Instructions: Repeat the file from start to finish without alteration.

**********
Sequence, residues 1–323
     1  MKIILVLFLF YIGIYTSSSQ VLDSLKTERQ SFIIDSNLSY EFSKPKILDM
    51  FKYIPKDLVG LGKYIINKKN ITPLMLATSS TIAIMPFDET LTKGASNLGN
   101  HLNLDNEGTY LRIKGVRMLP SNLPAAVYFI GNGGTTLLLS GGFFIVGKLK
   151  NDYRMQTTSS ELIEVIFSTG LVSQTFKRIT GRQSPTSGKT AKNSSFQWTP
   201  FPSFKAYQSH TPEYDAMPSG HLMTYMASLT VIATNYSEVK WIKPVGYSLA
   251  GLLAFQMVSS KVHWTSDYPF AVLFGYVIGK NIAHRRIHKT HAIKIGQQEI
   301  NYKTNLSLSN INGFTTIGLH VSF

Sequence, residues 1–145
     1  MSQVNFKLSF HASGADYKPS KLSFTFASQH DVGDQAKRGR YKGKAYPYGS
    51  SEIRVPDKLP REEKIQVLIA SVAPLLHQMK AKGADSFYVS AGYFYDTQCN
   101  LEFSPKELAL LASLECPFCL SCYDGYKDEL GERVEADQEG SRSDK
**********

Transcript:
Sequence, residues 1–323
     1  MKIILVLFLF YIGIYTSSSQ VLDSLKTERQ SFIIDSNLSY EFSKPKILDM
    51  FKYIPKDLVG LGKYIINKKN ITPLMLATSS TIAIMPFDET LTKGASNLGN
   101  HLNLDNEGTY LRIKGVRMLP SNLPAAVYFI GNGGTTLLLS GGFFIVGKLK
   151  NDYRMQTTSS ELIEVIFSTG LVSQTFKRIT GRQSPTSGKT AKNSSFQWTP
   201  FPSFKAYQSH TPEYDAMPSG HLMTYMASLT VIATNYSEVK WIKPVGYSLA
   251  GLLAFQMVSS KVHWTSDYPF AVLFGYVIGK NIAHRRIHKT HAIKIGQQEI
   301  NYKTNLSLSN INGFTTIGLH VSF

Sequence, residues 1–145
     1  MSQVNFKLSF HASGADYKPS KLSFTFASQH DVGDQAKRGR YKGKAYPYGS
    51  SEIRVPDKLP REEKIQVLIA SVAPLLHQMK AKGADSFYVS AGYFYDTQCN
   101  LEFSPKELAL LASLECPFCL SCYDGYKDEL GERVEADQEG SRSDK